Werner, S., Peretz, H., & Roth, D. (2015). Children's attitudes toward children with and without disabilities. Early Childhood Research Quarterly, 33, 98-107.
Republished from Early Childhood Research Quarterly, 33, Werner, S., Peretz, H., & Roth, D., Children's attitudes toward children with and without disabilities, 98-107, (2015), with permission from Elsevier.
About the research
The present study was undertaken at the initiative of Beit Issie Shapiro, as a result of the experience acquired over many years of wide-ranging activities dealing with the attitudes of the community towards people with disabilities. The research, comparing the attitudes of children in preschool towards children with physical disabilities, children with impaired hearing, and regular children, is the first of its kind in Israel, and furthermore, very little research attention has been paid to the subject in professional literature from around the world.
The ability to accept people with disabilities, in all areas of life, as an integral part of society is an essential part of implementing the United Nations Convention on the Rights of Persons with Disabilities. Despite the increasing discussion of this subject, and the considerable progress in the subject of physical accessibility, a great deal still remains to be done to create social accessibility.
Social accessibility is only possible in a society in which there are no stigmas or negative prejudices towards people with disabilities, which present a major barrier for people with disabilities, preventing them from fully participating in community life. Inclusive frameworks and accessible community systems support the social change that is necessary to succeed in achieving equal rights for all.
The kindergarten can be the first environment in which children with disabilities experience full inclusion together with their peers, or alternatively, feel rejected and isolated. It is therefore very important to examine the attitudes of children without disabilities towards children with disabilities, and to build educational programs accordingly.
Attitudes are made up of three aspects: cognitive, emotional, and behavioral. The cognitive aspect includes a person’s perception of objects or people, and enables processes of generalization to be carried over from a familiar situation to an unfamiliar situation. The cognitive aspect examines which qualities the child attributes to people with disabilities. Cognitive perceptions are associatively connected with different feelings, which are produced by the emotional aspect of the attitude, and affect the person’s future behavior in interactions with the object of the attitude. In this context, the behavioral aspect examines the child’s willingness to make contact with children with disabilities.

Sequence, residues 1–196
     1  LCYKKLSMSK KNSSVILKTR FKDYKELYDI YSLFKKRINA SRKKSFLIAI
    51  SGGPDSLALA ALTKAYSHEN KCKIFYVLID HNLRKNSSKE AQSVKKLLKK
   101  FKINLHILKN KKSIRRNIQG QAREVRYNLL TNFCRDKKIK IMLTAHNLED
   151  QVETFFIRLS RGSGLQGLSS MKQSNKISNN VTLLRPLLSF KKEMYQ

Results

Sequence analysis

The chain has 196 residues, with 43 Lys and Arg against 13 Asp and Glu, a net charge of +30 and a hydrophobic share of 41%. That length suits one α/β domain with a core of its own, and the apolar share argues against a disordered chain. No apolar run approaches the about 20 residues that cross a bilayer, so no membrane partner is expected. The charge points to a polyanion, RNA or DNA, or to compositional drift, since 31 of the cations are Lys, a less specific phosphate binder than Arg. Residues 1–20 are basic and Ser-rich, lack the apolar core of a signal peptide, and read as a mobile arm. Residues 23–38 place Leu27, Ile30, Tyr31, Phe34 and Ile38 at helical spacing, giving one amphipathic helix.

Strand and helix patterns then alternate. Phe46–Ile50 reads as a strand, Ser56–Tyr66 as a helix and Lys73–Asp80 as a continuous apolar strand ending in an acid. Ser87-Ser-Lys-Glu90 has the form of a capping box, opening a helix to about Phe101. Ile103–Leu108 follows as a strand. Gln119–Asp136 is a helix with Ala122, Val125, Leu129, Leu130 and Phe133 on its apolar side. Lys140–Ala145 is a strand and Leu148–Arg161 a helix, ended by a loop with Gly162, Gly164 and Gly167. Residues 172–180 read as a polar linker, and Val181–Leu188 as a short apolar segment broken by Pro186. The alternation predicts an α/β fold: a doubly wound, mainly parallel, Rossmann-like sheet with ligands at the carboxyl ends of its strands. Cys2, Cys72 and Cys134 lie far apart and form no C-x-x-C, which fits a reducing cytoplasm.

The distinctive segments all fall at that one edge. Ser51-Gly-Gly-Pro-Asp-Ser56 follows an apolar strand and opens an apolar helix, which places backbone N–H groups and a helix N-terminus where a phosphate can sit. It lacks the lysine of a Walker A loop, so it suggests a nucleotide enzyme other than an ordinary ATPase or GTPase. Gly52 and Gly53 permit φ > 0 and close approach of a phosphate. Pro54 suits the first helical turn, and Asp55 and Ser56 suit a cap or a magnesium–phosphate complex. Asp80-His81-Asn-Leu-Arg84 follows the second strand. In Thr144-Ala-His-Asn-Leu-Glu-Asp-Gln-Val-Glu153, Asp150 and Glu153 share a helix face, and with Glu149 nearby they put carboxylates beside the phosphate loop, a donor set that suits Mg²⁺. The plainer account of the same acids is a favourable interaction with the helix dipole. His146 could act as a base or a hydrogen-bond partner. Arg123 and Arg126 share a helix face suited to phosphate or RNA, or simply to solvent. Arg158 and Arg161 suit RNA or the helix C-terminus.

For the purpose of the research, a unique tool was developed at Beit Issie Shapiro, incorporating pictures in which the children were asked to express their attitudes towards different children with regard to the three aspects. 106 children took part in the research, from 10 kindergartens across the country.
From the findings it arose that children had more positive attitudes, in all aspects, towards children without disabilities by comparison with their attitudes towards children with physical or sensory disabilities. Children attribute more negative qualities to children with disabilities, such as dirty, bad, sick, and so on; prefer to play and be with children without disabilities; and express more negative feelings with regard to possible situations of interaction with a child with disabilities by comparison with a child without disabilities. In addition, in the cognitive aspect more negative attitudes were found towards children with a sensory disability than towards children with a physical disability.
The findings indicate the importance of education starting in early childhood, giving age-appropriate information, and including the parents and the educational staff in building and shaping positive attitudes, and creating a solid foundation for an inclusive and accepting society.